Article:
License plates in our nation’s capital bear the unmistakable rant of the oppressed: “Taxation Without Representation.” Point being, of course, that residents of the District of Columbia pay taxes to the federal government but have no voting voice on Capitol Hill.
The plates have been standard issue in D.C. since 2000. For 13 years, it has been a surprisingly blunt political statement — one you won’t spot on cars in, say, Moscow or Havana. In January, the Obama Administration put them on presidential limousines, a move viewed as an endorsement of fiscal autonomy and eventual true home rule for D.C.
However, free speech in the District is not absolute.
It’s not easy to get a vanity plate past the censors at D.C.’s Department of Motor Vehicles. What could be more patriotic than putting the word “FREEDOM” on your license plate? Forget it. Not in Washington. It’s not permitted.
I wanted to find out just how far a driver in Washington could go in self-expression on a license plate, so I checked the district’s master list of forbidden combinations — made available by a public records request by Yahoo – to see what would fly. It’s impressive: 53 pages long and nearly 27,000 banned entries.
Want to add your own complaint about taxes? “NO TAX” and “NO TAXES” are both OK, as is the unlikely “TAX ME.”
But as you might guess, most variations on the word “suck” are nonstarters. “GOPSUX” is banned. Interestingly, “DEMSSUK” is OK. It must have something to do with the pluperfect subjunctive. Or maybe nobody has applied for it.
Want to let Congress know what you think of it? “DONUTHN” is available. “LAMEDUK” is OK. So is “BADBOY.” But “BIGBOY” is not. Vanity has its limits at the DMV.
The list of banned combinations includes all the obvious plays on words of a violent or sexual nature. “HITMAN” and “SNIPER” obviously are banned. So is “GUN4HIR,” although it’s not clear why anyone in that line of work would want to advertise publicly.
You can’t say “STUD.” No “HOTBUNS” and no “LOVE U.” And “BILLNME” is banned – even if your name is Hillary. Or Monica.
If there’s a Sherman T. Walker in the District and he wants a vanity plate, he needs to stay away from “STWALKR.” They’ll just say no.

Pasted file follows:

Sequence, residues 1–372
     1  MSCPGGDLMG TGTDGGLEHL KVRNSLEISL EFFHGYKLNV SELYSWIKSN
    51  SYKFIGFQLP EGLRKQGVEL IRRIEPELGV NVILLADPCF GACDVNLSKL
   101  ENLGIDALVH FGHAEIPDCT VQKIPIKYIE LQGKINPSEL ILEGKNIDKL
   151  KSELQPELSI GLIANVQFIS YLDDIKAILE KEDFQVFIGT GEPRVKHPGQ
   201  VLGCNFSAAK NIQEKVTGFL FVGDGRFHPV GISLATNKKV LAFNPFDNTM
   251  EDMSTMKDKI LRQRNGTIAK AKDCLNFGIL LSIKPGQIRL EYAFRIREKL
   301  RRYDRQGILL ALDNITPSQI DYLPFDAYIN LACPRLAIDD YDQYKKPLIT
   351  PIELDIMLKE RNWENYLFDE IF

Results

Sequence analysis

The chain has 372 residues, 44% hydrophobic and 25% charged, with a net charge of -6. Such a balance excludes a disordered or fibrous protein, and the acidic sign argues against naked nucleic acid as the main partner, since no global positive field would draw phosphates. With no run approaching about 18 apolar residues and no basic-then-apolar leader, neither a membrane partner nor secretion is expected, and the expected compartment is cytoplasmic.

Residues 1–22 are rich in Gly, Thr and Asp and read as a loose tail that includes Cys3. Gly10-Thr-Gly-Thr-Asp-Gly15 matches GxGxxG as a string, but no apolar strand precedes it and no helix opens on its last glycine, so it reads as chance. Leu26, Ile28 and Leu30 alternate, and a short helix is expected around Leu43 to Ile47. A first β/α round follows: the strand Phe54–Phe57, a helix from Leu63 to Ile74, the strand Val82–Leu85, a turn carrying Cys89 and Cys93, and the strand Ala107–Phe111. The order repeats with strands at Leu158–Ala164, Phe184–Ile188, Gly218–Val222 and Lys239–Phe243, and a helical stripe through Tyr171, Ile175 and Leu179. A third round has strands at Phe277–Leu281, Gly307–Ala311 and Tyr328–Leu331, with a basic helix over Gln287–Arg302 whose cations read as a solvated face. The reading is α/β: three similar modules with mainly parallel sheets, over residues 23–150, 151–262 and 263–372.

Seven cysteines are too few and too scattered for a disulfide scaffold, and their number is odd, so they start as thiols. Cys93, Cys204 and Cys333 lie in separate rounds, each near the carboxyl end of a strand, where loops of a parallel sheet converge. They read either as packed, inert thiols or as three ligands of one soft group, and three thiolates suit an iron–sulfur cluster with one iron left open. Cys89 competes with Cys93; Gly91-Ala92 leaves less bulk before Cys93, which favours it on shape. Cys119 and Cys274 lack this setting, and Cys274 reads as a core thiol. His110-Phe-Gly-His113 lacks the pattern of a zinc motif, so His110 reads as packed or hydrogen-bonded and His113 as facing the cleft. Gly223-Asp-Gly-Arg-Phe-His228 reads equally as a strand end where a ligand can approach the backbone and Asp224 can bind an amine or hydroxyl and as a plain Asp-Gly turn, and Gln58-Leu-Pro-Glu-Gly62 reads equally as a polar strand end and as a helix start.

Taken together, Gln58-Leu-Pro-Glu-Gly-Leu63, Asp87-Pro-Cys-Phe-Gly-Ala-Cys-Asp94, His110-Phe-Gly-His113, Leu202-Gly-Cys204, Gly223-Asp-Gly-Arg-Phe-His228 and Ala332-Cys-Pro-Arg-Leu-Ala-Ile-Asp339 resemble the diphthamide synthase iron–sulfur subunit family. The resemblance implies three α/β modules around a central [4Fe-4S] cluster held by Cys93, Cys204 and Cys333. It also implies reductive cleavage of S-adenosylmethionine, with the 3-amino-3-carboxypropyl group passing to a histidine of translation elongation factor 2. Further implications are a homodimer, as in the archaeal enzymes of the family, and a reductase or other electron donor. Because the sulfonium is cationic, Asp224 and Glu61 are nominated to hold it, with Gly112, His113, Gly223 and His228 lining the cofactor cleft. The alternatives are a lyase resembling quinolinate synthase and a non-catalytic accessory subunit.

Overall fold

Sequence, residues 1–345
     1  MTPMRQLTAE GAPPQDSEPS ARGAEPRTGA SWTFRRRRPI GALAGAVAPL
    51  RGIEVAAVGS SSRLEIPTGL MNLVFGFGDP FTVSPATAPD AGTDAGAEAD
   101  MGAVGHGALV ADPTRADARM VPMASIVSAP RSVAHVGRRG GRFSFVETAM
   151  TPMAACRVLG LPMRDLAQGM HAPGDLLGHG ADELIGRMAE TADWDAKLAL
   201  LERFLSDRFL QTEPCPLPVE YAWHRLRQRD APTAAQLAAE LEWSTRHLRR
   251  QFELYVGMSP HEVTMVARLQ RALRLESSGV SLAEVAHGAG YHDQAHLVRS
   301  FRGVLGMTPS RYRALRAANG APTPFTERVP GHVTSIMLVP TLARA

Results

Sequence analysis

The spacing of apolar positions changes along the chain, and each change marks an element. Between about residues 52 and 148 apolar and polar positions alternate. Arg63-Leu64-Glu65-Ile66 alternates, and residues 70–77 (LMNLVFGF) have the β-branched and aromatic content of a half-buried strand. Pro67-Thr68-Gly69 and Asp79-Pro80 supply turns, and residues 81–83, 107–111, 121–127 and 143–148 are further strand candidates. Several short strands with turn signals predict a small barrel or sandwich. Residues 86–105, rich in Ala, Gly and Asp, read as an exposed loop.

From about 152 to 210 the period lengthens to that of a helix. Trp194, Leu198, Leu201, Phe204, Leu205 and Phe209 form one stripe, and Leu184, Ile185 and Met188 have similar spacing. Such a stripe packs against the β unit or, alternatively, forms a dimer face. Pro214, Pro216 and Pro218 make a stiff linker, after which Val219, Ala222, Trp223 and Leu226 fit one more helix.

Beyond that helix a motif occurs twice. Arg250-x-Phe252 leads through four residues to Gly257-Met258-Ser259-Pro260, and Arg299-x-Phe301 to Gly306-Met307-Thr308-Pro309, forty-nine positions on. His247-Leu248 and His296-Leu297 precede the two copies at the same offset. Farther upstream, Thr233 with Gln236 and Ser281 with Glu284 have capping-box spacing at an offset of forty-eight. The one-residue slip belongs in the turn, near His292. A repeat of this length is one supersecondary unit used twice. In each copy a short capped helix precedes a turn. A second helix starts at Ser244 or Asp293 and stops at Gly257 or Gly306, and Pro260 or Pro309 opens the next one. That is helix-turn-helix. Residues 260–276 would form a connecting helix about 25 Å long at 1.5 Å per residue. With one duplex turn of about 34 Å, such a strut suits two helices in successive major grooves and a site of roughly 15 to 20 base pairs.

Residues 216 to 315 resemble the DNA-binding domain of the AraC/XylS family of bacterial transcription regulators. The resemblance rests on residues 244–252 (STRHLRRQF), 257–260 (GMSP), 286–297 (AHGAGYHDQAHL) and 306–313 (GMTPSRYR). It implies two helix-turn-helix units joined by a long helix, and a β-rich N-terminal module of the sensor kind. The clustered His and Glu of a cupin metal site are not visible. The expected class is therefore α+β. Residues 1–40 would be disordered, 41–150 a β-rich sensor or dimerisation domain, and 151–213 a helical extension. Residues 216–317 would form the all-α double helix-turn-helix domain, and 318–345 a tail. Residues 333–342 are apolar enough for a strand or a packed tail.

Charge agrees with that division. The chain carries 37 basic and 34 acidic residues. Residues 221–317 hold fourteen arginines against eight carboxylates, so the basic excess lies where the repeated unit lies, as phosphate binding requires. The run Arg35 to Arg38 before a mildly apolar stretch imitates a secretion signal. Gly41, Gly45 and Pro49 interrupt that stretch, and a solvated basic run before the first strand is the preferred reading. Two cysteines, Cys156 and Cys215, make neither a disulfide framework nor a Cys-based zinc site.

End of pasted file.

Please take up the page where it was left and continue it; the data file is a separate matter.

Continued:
Surprisingly, most given names are rejected. No “RITA.” No “ANDY.” The presumably innocuous “TOOTSIE” is banned. So is the seemingly harmless combination “H2OLILY.” Water lily? Seriously?
Even proud terms such as “VETERAN” and “VIETVET” don’t make the cut. Neither does “BUTRFLY.” And don’t try to go all Disney on the DMV. “POOH” is a no-no. Sorry, Winnie, you’re a four-letter word.
Also puzzling are these benign but banned words: “CLEVER,” “TROUT,” “SUBLIME,” “SKYLINE,” and “MEDIATE.” How about “YOLO”? No? C’mon, you only live once. Despite the vagueness and undeniable truth of “UNEVRNO,” it too is on the banned list.
Neither can you say “IMAGINE” in D.C. Imagine that. Too John Lennon? “DUCHESS” is another no-no. Must be a sore point dating to the Revolution.
Moving to the nation’s capital and wanting to express a little hometown pride? “TOLEDO” is not on the banned list. But “DETROIT” is.
You also can’t say “BOURBON” on a D.C. plate, although I don’t see the harm. Isn’t that what keeps Washington a well-oiled machine, at least after dark?
Here’s another harmless word you can’t put on your plates in D.C.: “BREATHE.” Sounds like good advice to share with other frustrated motorists trapped in rush-hour Washington traffic.
Washington is proud of its sports teams, but you’d never know it from the license plates in the parking lot at FedEx Field, where the Redskins play football. “REDSKIN” and most of its variations would offend many Native Americans.
But “GOPATS” is OK, if you don’t mind the single-finger salutes of other drivers who despise that team from New England. Oddly, however, while “FENWAY” and “REDSOX” are banned, “GOSOX” is not.
Similarly, a fan of baseball’s Washington Nationals can’t express love for that team. “GONATS” is a no-no. I guess it’s in how you say it. “GOYANKS” also is forbidden, so at least there is some sense of justice in the DMV’s world.
Invoking the Lord’s name doesn’t work. “GOD” and almost any other combination of letters and numbers is rejected. It’s that whole church and state thing.
Finally, explain this one to me: “HOORAH.” It’s prohibited.
I wonder whether all these license plate combinations would be banned here in Ohio. All you can do is ask. As they say down at the Ohio Bureau of Motor Vehicles: UNEVRNO.
Thomas Walton is the retired editor and vice president of The Blade. His column appears every other Monday. His commentary, “Life As We Know It,” can be heard each Monday at 5:44 p.m. on WGTE-FM 91.
Contact him at: firstname.lastname@example.org